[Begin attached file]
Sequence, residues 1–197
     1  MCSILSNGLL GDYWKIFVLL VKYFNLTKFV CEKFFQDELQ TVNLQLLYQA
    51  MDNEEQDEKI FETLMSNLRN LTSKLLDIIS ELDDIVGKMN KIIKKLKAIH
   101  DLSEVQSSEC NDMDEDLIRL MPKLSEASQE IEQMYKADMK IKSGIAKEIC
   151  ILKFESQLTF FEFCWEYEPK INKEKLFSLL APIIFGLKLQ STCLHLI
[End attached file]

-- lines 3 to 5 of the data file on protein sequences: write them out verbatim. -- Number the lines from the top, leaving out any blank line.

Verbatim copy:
    51  MDNEEQDEKI FETLMSNLRN LTSKLLDIIS ELDDIVGKMN KIIKKLKAIH
   101  DLSEVQSSEC NDMDEDLIRL MPKLSEASQE IEQMYKADMK IKSGIAKEIC
   151  ILKFESQLTF FEFCWEYEPK INKEKLFSLL APIIFGLKLQ STCLHLI